Chevrolet’s Bolt EV is fully charged
Able to go 383 km, this crossover is the leader in battery-powered range, and critics are pumped up. So, what’s all the fuss? Jim Kenzie has a preview.
THE PROS & CONS
- What’s hot: Handsome; roomy; practical; entertaining to drive.
- What’s not: Well, it’s electric — what else do you need do know?
LOS ANGELES – The Chevrolet Bolt EV electric car goes on sale early next year, starting at $42,795, about which more, much more, anon.
It has already been chosen Motor Trend’s Car of the Year, Green Car of the Year, and is a finalist for North American Car of the Year.
So, what’s the fuss?
You could look at Bolt two ways. First, as a car. Second, as an electric vehicle.
The designers and engineers who built Bolt would cringe at the very suggestion, because they believe the electric-ness of it is fundamental to the car.
Of course, they are wrong, as I will now explain.
First, as a car, the Bolt is a four-door, five-seat compact hatchback. Think Mercedes-Benz B-Class, Mazda5, Kia Rondo, Honda Fit, writ a little bit larger.
This configuration has had only modest commercial success, despite it being the most practical form a small car can have.
Chevrolet calls Bolt a Crossover, because that’s the hot word in car marketing circles these days. But, if it looks like a duck …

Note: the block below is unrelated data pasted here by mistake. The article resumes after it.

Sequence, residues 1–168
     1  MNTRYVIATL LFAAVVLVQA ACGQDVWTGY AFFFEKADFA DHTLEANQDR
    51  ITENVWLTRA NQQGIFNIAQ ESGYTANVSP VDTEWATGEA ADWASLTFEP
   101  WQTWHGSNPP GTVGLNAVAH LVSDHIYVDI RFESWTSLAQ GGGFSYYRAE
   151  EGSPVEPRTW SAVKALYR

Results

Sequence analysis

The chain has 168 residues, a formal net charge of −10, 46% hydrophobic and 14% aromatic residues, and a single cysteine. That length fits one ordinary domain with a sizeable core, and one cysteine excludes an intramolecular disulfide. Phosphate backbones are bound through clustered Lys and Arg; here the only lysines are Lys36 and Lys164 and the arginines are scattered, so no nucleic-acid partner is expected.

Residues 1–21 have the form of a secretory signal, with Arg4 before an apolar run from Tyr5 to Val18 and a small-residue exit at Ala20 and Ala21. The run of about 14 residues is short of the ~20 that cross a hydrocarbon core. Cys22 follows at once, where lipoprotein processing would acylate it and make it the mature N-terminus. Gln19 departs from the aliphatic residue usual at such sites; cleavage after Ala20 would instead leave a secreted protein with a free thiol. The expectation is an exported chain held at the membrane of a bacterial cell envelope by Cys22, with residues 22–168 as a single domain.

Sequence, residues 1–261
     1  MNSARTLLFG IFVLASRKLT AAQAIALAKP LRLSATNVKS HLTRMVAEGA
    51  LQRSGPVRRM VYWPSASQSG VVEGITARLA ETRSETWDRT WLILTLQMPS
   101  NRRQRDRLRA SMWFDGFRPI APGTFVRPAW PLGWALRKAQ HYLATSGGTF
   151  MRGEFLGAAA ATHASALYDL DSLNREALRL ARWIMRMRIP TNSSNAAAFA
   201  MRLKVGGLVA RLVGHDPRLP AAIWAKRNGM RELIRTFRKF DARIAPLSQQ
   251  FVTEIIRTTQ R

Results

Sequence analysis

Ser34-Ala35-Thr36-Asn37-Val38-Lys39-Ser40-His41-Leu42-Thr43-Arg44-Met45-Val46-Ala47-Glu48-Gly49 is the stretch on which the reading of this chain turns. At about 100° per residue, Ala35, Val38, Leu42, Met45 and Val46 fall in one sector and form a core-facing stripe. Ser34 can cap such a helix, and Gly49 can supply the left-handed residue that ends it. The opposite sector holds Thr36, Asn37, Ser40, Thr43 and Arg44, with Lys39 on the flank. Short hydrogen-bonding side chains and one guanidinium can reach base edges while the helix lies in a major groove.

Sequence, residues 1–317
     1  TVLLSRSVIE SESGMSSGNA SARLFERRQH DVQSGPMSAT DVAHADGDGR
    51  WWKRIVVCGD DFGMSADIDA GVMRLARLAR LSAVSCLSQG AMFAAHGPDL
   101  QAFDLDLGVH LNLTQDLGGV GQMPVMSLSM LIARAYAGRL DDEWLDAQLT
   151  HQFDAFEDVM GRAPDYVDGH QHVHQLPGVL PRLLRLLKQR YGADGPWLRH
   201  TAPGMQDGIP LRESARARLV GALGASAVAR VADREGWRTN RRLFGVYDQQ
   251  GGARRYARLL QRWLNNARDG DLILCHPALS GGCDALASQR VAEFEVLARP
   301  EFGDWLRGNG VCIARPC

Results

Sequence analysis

As a compact hatchback, Bolt is excellent. It is good-looking and roomy. The second-row seats fold to make a nice, flat cargo floor, with additional covered space below.
Or, you can remove the floor panel to augment that space. Which, of course, means no spare tire. Too bad.
The interior looks and feels airy, especially in the lighter colour my co-driver Marc Lachapelle managed to snare for our test drive through L.A. and in the hills of Malibu.
It’s got all the high-techery anyone could possibly want, although SatNav is not available. If you have the right smartphone, you might be able to use Apple CarPlay or Android Auto, but this seems an odd omission for a forty-grand car.
Some of the interior trim bits look a bit economical for a car with a base list price of over forty grand.
But generally, it is a pleasant and practical place to be.
Now, about Bolt’s electric-ness. By the extremely low standards of this field, Bolt scores pretty well.
It is a pure electric, powered by a 200 horsepower permanent magnet motor driving the front wheels.
The 60 kWh nickel-rich lithium-ion battery consists of 288 cells which are encased in a structure that effectively forms the car’s floor. This puts the 435 kilograms of battery weight as low as possible for a better centre of gravity which assists in good handling, and also protects the battery in collision.
Chief engineer Josh Tavel also noted that the battery increases structural rigidity.
According to the U.S. EPA’s electric car rating system, this gives Bolt a maximum of 238 miles (383 kilometres) of range. What that range might be in Winnipeg in February was not announced …
Still, this makes Bolt the leader in battery-powered range for even remotely affordable electrics, and is well within the limits of most people’s daily driving needs.
It can be fully recharged in only 60 hours (!) from your normal household circuit. If you install a 240-volt Level 2 charger, it takes a mere 9.5 hours.